That tingling or burning in your thumb and index finger; the occasional weakness you notice when you hold a cup-this may not be a hand problem at all. Carpal tunnel syndrome is the most common nerve entrapment and involves the wrist.

That tingling or burning in your thumb and index finger; the occasional weakness you notice when you hold a cup-this may not be a hand problem at all. Carpal tunnel syndrome is the most common nerve entrapment and involves the wrist.



What do you know?

1. Neck problems can cause carpal tunnel syndrome.

2. Three times as many women are affected as men.

3. Compression at the elbow can cause carpal tunnel syndrome.

Carpal tunnel syndrome is caused by compression on the median nerve at the wrist, one of three main nerves going to the hand for sensation and muscle activation. The median nerve courses under a fibrous band of tissue. Think of driving through a tunnel. When the fibrous band becomes inflamed or thickened the nerve can be compressed. The result of this can be mild to severe numbness or weakness of the thumb, index and middle finger.  At first, the symptoms are mild but over time typically worsen.

There are several causes for CTS including genetic predisposition and medical conditions. Those whose jobs or hobbies involve repetitive movement and assembly line work seem to be at higher risk. Worksite analysis is important because some minor changes in how a task is done may yield some relief.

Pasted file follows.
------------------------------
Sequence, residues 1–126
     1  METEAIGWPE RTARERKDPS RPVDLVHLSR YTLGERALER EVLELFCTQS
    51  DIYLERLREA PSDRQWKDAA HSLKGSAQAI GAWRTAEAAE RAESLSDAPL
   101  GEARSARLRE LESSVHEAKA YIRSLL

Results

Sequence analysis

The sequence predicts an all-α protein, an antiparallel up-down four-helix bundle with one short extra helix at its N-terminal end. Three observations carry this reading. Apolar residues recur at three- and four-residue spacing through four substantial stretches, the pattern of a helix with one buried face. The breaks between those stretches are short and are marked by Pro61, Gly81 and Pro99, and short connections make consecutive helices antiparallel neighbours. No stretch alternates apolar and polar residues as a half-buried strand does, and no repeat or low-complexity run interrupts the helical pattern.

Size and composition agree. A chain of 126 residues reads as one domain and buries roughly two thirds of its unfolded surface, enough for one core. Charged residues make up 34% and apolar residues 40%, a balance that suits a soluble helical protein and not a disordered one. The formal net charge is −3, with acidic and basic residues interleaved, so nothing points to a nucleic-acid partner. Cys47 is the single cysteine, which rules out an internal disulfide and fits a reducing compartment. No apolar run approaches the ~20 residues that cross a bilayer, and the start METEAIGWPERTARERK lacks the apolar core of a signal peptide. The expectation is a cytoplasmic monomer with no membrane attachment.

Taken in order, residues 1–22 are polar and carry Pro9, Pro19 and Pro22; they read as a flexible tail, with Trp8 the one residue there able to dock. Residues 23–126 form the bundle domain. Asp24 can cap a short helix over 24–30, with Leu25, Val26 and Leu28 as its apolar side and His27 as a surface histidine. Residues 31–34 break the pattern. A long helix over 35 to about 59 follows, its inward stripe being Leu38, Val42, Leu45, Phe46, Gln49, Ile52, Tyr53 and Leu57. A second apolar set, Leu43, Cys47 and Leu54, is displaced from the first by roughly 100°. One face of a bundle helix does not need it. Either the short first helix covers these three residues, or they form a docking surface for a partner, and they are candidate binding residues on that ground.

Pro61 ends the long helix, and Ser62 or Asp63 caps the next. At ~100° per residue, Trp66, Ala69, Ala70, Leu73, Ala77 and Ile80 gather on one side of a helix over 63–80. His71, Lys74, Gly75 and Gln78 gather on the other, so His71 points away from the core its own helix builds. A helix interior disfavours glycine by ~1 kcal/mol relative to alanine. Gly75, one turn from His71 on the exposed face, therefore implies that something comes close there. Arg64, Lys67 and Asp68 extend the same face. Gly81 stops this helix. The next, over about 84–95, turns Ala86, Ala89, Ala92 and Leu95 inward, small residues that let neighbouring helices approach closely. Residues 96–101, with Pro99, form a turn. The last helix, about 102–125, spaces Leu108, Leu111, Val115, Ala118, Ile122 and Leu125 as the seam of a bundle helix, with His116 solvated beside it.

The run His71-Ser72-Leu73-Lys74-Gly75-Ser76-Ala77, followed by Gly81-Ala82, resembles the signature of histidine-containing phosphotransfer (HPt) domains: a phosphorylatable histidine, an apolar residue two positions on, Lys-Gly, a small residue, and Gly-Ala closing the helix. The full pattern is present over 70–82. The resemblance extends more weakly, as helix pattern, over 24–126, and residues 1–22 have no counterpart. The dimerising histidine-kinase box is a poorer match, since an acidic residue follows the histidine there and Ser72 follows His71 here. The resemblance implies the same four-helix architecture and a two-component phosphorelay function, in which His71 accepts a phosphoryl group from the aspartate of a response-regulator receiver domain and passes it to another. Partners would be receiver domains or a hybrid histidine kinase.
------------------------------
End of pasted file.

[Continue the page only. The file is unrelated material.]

Not all tingling or weakness is CTS. Nerve compression at any location can cause tingling or weakness. It is important to determine the specific site of the compression for proper management. Compression of nerves at the neck, elbow, forearm and wrist can be assessed with electromyogram or nerve conduction study. These may be recommended to aid in diagnosis.

Braces are used to stretch the band and prevent further compression at the wrist. Often we sleep with hands and wrists curled inward. This position compresses the carpal tunnel often leading to night pain. Braces are designed to “cock-up” the wrist, open the carpal tunnel and prevent compression. Worn at bedtime, braces may make a big difference with symptoms and sleep. Worn during the day, they may lessen symptoms enough to allow for work and play. Braces can be obtained through your physician and at pharmacies. Non-steroidal anti-inflammatory drugs such as ibuprofen or naproxen and corticosteroids are often used in treatment.

 Physical therapy directed at stretching the fibrous band and alleviating pain may be helpful. Surgery to cut the fibrous band and open up the tunnel to relieve pressure on the median nerve is highly successful. Following surgery referral to a hand therapist is common to optimize outcome.

Do not ignore nerve symptoms. Contact your physician for a full investigation. For information from the National Institutes of Health go to www.ninds.nih.gov/disorders/carpal_tunnel/detail_carpal_tunnel.htm. Lift your cup with confidence!



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